As for the cure, to extrapolate from the economic downturn that participation loan oversight has to be strengthened is questionable, at best, since participations actually diversify risk.  In any event, what evidence does NCUA have that it can do a better job of regulating loan participations than can its state counterparts?  Doesn’t a division of labor makes sense at a time of government belt-tightening?  NCUA argues in its  proposal that state-chartered credit unions have a disproportionate number of poorly performing participation loans.  But one would expect an increase in bad loans during an economic downturn.  The real question is what proof does NCUA have that an inadequate state-level examination as opposed to a bad economy contributed to the problem?

A vibrant dual charter is one of the most important strengths of the credit union system.  If NCUA is allowed to eviscerate the state-charter in the name of the Share Insurance Fund, I am not at all convinced that member money will be better protected and positive that the most effective means credit unions have of seeking out the regulatory environment best suited to advance their growth will disappear.

December 16, 2011 at 7:18 am Leave a comment

Too big to fail is too big

I’ve been accused of being a glass half empty kind of guy, so let me say that I see some light at the end of the tunnel this morning.   First, at its board meeting yesterday, NCUA projected nettlesome but manageable assessments on credit unions next year in relation to the cost of the corporate bankruptcies and the replenishment of the Share Insurance Fund.  While the costs are not minimal, if current trends continue it appears that the effects of the failure may finally be moving into the rear view mirror of the industry.

Secondly, Congress passed a bill that will expand the size of mortgages that can be guaranteed with FHA insurance.  As I discussed in a previous post, there are serious financial hurdles confronting the FHA, but at least Congress realizes there is still a housing crisis in this Country and that occasionally something actually has to be done about it.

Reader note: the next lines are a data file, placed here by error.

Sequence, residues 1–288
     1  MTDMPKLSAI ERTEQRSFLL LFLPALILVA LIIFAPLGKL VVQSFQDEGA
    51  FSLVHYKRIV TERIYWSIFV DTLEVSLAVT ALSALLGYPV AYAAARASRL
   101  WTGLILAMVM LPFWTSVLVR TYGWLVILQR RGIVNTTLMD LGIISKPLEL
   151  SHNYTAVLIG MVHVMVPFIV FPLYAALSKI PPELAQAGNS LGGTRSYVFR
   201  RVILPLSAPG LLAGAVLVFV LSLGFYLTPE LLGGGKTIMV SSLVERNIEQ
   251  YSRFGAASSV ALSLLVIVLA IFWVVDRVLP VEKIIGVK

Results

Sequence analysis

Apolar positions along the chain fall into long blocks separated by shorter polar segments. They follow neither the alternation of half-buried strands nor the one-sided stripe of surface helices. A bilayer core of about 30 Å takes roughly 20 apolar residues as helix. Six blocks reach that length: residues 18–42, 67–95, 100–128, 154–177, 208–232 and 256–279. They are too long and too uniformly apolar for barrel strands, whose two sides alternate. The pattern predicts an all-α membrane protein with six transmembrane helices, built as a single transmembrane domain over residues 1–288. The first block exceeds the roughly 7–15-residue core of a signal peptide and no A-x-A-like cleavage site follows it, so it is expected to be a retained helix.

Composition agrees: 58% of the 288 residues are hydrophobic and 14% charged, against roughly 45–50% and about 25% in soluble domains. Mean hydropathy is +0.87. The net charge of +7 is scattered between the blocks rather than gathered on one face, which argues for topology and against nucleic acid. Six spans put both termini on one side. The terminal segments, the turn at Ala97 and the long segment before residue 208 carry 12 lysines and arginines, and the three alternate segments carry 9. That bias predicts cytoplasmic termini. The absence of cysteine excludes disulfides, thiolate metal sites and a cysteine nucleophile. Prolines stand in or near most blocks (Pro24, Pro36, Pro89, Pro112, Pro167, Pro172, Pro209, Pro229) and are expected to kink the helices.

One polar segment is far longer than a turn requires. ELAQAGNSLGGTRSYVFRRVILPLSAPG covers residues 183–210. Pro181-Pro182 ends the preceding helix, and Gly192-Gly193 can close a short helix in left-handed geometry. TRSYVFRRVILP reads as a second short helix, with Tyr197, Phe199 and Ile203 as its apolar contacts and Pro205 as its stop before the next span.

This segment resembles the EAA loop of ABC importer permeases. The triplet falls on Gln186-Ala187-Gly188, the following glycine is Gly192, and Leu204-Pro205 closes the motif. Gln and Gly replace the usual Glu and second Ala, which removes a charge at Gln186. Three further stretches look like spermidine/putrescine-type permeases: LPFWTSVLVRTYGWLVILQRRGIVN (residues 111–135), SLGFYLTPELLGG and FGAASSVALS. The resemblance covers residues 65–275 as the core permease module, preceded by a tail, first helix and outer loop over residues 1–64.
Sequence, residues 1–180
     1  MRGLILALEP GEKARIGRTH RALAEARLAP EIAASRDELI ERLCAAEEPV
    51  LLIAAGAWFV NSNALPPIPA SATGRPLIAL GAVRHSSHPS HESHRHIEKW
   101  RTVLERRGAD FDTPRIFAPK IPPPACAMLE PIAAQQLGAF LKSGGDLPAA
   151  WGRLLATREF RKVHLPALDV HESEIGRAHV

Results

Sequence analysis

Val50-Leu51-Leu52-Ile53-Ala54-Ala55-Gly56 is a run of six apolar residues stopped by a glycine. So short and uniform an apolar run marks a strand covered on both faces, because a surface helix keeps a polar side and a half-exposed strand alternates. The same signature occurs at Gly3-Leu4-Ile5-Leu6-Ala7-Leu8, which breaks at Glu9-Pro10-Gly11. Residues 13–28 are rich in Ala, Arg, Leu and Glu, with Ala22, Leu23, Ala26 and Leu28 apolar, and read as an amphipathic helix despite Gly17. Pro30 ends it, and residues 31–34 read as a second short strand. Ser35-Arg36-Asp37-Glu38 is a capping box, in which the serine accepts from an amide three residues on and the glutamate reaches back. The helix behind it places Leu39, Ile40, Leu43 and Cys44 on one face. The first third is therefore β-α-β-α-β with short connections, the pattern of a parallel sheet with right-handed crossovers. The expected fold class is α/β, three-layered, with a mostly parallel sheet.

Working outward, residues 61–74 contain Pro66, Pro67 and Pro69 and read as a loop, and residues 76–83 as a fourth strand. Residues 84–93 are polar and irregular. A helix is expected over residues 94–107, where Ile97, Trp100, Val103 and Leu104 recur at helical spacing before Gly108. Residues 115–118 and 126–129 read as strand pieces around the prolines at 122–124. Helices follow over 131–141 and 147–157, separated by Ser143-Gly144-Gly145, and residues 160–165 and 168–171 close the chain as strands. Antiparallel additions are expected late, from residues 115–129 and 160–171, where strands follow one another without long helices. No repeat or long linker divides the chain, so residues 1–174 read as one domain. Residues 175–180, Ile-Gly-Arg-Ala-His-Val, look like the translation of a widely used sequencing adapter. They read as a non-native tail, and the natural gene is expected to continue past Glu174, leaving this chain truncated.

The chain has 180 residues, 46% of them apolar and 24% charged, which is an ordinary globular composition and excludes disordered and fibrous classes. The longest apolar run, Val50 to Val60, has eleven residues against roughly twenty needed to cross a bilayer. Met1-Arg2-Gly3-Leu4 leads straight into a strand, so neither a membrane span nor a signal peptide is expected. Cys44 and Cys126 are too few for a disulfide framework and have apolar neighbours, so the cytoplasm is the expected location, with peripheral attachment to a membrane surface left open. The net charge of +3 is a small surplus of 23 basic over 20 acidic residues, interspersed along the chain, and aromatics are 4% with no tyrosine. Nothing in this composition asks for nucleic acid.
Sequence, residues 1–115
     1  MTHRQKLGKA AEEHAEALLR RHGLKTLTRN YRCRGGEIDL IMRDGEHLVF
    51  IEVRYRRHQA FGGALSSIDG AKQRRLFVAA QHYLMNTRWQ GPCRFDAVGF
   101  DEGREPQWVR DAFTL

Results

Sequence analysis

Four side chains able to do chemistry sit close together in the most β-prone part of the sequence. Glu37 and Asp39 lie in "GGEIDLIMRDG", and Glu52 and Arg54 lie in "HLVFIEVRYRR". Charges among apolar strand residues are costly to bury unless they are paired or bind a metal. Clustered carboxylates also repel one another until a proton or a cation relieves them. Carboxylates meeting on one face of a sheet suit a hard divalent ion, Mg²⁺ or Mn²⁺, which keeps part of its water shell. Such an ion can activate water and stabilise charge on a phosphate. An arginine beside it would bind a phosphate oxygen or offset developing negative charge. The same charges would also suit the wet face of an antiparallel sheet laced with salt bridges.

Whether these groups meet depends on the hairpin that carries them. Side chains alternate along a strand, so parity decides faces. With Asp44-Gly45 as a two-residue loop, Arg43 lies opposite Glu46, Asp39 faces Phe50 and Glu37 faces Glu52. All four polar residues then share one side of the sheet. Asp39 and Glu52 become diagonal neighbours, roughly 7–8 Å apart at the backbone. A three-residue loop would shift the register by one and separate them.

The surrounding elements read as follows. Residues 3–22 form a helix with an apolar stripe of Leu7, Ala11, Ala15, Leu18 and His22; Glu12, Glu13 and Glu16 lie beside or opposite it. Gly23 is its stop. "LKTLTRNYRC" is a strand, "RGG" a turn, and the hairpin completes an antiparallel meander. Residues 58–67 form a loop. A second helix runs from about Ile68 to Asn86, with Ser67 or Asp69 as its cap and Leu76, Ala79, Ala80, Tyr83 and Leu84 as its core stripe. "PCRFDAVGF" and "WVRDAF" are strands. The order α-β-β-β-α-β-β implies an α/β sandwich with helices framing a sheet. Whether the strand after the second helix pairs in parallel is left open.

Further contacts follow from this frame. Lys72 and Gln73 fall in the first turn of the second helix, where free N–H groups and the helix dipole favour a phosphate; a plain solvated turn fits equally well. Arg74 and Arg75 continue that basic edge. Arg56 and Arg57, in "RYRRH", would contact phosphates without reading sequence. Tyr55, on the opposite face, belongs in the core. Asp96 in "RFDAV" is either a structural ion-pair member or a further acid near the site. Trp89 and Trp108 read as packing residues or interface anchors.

But the news that intrigued me most yesterday was a nomination hearing for Thomas Hoening as Vice Chairman of the FDIC.  Why is this good news for credit unions, which of course are not subject to FDIC jurisdiction?  Because with Hoening’s nomination we may have someone in a high-profile position able and willing to criticize the financial industry and to advocate for reforms that are really needed to shield credit union members and the wider American public from banker malfeasance in the future. 

In my glass half-empty mode, it is clear to me that Congress has done nothing to address the fundamental causes of the financial crisis of 2008 and the ensuing Great Recession.  The American public has watched their tax-payer dollars go to bail out the largest banks in America, which continue to justify their exorbitant bonuses as a reflection of their alleged capitalist prowess.  The simple truth is that if we’ve learned anything, it is that if institutions are too big to fail, they’re too big.  This sentiment brings us to Mr. Hoening.  As a former President of the Federal Reserve Bank of Kansas, Mr. Hoening gave a speech in February, 2011 in which he argued that banks had in fact become too big to fail.  His solution was to pare back the activities in which investment banks may engage.  He sounded like a blogger when he concluded his speech by noting that the United States is still stuck with much of the same financial system which led to the initial crisis but with higher stakes.  His only hope was that fundamental changes could be brought to the system without first having to endure another such crisis.  I hope he’s right.

November 18, 2011 at 8:01 am Leave a comment

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Authored By:

Henry Meier, Esq., Senior Vice President, General Counsel, New York Credit Union Association.

The views Henry expresses are Henry’s alone and do not necessarily reflect the views of the Association. In addition, although Henry strives to give his readers useful and accurate information on a broad range of subjects, many of which involve legal disputes, his views are not a substitute for legal advise from retained counsel.